On Monday, the nation’s two satellite radio providers announced a merger. XM and its only other competitor, Sirius, will get together in a deal that will mean that will be only one satellite radio provider.
XM was founded in 1988 as American Mobile Satellite Corp. and incorporated in 1992. Sirius was founded in 1990 as CD Radio. Both companies beat out others to get the two satellite licenses the FCC made available in 1997.
When both services launched early this decade, listeners paid money for access to commercial-free music, sports, news, and exclusive talk. Then they started shelling out more money for premium talent, giving them exclusive channels. The companies paid oodles to Howard Stern, Martha Stewart, Oprah Winfrey, Eminem, and Snoop Dogg to create exclusive content; while the companies continued to lose money and subscriber growth has stalled. Both services have yet to show a profit – in fact, their losses have only accelerated.
And now, the companies want to merge – but instead of seeing themselves as competition – they see the bigger picture –the larger scope of all music competition: terrestrial (traditional) radio, iPods, MP3 players, Internet radio, CDs, and music you can listen to through your cell phone.
But is this a good idea? While some consumers believe they might wind up being the biggest losers (especially if prices go up), could there be a possibility that all of broadcasting might lose?
A few months ago, the FCC outright rejected the possibility of any merger between the two satellite radio companies. On Monday, FCC Commissioner Kevin Martin stated that the merger faces a “high hurdle” if it ever was going to go through. The merger also faces scrutiny and approval from other various governmental agencies. Not only that, the merger would also have to face approval fromCanada’s CRTC (the country’s version of the FCC) since XM and Sirius also operate inCanada(though the companies are structured differently.)
But let’s visualize for a minute if the merger went through and it creates a satellite radio monopoly. Terrestrial radio companies, like Clear Channel will argue that they want to buy more stations. Since the 1996 Telecommunications Act, which allowed media companies to buy more stations, Clear Channel has merged with several radio companies, creating the nation’s largest radio chain, with more than a 1,000 stations, with the company owning as many as eight stations in a single market.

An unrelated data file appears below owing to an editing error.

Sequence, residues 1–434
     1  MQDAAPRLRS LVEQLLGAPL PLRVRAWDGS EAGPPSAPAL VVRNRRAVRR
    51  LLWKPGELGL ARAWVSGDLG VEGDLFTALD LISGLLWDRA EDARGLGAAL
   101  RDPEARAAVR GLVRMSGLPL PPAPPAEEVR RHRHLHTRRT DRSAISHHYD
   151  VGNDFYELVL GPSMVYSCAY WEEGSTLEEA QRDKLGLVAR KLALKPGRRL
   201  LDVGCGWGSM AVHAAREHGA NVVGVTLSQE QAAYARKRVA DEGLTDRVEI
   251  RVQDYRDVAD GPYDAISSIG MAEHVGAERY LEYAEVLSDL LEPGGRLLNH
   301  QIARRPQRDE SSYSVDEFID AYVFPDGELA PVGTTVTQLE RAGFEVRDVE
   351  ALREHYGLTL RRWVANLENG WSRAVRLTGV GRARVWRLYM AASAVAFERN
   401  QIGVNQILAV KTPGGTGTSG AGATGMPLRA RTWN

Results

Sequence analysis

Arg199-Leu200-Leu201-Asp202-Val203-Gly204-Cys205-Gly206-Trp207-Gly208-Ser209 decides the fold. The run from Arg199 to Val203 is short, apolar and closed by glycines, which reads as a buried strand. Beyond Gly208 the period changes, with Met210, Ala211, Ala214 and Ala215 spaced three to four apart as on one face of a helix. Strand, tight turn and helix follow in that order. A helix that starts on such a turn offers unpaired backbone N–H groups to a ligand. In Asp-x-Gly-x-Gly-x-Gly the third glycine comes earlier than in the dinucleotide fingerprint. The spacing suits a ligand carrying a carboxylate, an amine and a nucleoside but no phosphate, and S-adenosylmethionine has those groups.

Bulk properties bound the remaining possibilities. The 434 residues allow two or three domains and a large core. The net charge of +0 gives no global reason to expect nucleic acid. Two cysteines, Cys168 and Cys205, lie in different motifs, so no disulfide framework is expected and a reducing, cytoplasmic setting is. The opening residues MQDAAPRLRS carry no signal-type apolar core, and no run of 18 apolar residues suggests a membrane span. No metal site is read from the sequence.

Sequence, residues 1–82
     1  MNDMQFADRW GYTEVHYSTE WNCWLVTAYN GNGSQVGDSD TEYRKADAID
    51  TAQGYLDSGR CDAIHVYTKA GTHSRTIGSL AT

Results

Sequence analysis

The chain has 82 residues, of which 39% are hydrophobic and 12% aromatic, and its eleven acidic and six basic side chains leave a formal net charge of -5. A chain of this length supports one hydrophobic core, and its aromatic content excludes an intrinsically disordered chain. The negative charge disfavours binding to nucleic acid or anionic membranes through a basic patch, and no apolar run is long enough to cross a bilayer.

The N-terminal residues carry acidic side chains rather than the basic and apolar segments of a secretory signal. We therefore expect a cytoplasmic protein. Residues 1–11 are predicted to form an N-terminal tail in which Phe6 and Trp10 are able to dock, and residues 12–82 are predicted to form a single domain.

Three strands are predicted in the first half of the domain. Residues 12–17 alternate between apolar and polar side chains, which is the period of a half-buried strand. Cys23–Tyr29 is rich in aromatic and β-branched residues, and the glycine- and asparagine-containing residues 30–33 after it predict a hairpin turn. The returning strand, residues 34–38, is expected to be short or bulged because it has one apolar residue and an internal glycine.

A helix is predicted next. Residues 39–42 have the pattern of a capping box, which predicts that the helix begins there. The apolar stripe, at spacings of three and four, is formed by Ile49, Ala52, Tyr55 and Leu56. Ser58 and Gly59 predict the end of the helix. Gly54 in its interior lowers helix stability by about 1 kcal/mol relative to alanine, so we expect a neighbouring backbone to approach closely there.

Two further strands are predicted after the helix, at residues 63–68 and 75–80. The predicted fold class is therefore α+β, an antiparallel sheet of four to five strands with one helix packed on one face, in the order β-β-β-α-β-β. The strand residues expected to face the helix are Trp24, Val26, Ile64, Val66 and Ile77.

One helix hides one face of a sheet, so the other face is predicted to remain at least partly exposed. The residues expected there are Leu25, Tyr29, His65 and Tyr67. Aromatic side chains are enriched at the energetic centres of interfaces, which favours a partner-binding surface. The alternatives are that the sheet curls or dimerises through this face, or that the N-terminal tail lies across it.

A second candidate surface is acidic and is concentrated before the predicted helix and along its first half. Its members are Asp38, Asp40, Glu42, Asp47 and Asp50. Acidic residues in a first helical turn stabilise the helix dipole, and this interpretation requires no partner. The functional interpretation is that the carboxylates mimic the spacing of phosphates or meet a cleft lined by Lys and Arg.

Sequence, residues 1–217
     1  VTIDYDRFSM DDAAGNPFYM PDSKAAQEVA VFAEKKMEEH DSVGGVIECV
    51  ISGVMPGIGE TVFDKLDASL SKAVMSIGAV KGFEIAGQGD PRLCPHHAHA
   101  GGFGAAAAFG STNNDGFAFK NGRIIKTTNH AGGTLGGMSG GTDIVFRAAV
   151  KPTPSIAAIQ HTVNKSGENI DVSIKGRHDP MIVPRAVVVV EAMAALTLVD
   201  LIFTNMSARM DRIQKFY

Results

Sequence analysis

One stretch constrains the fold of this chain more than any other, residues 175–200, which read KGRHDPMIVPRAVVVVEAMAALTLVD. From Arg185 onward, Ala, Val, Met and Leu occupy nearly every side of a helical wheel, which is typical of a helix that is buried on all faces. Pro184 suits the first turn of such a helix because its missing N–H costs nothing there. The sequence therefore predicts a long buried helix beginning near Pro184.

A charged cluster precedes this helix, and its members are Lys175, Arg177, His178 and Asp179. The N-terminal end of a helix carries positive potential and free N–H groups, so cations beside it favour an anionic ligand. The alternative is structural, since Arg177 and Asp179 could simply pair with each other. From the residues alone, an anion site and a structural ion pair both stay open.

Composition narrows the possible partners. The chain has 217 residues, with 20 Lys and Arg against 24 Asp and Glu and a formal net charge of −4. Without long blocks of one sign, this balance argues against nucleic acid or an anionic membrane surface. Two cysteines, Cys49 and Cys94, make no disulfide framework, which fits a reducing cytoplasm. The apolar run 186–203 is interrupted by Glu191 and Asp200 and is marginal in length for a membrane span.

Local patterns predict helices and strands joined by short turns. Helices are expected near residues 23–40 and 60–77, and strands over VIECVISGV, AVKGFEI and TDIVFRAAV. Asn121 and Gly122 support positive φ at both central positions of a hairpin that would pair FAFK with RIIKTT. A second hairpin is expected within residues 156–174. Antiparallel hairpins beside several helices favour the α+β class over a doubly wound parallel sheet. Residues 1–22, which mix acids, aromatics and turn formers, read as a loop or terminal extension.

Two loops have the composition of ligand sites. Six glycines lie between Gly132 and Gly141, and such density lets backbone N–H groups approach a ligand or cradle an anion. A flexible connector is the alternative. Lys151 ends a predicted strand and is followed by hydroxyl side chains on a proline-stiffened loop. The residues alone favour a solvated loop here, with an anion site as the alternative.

Then television station owners might seek to have the ownership caps thrown out. They might argue, “If the satellite companies can merge, why can’t we own more stations?” And so on, and so on. Then those companies would like to se the cross-ownership rules end, meaning companies can own a newspaper, radio station and TV station in the same market. The current law prohibits such a combo, unless grandfathered in. And so on. And so on.
Perhaps the most interesting aspect of this is the National Association of Broadcasters’ position on the XM-Sirius marriage. The powerful lobby group has been against satellite radio from day one, because they feared that that the new technology would erode radios’ audience share. In a press release, they pointed out that the service would be a monopoly and is a reward for making Howard Stern its poster child. The NAB believes that terrestrial radio and satellite radio should be on the same playing field.
So since when the NAB care so much about satellite radio customers? They don’t. All they care about is basically, if they are free to merge, why can’t any of the companies we represent? Since the 1996 act, we have seen decreases in local programming on television and radio, the creation of mega-companies such as Clear Channel and Sinclair, where the bottom line has become more prevalent, and elimination of jobs.
And what about mentioning Howard Stern as the poster child of satellite radio? Please. We’ve seen a rise in tasteless programming on broadcast television, not to mention on radio, even without Stern. We’ve seen news departments eliminated, more tabloid-like newscasts (where a story on Britney’s head shaved is just as important as a county budget battle), more and more commercials, and the proliferation of garbage talk-radio shows, where attacking someone – especially on race and gender – is the norm. The general public sought and found alternatives – causing an erosion of television ratings and radio shares – some of the industry’s own making. And the NAB wants those FCC rules on station ownership to be either loosened more or thrown out altogether.Never mind it was loosing these rules in the first that made the programming less diverse and blander.
In an era where aspiring artists and indie bands are putting their material on YouTube and MySpace, the NAB still thinks the artist community owes them something. One would think it would be a matter of time before these idiots go after them as well. The NAB could care less about the consumer or the local communities. More mergers for media companies = the more profits for them.
The NAB has a lot of nerve saying that the satellite industry is asking for a government bailout when they themselves are looking for one. What a bunch of hypocrites.
So where do we stand on all this? It’s best to say that this is going to be a long, tedious process. The opportunists are already out there pouncing. It’s up to XM and Sirius to prove that this can work. So go for it. Satellite radio is an emerging technology, and should not be held to the same standards as terrestrial radio. After all, a combined XM-Sirius is still better than the slop terrestrial radio continues to serve us every day.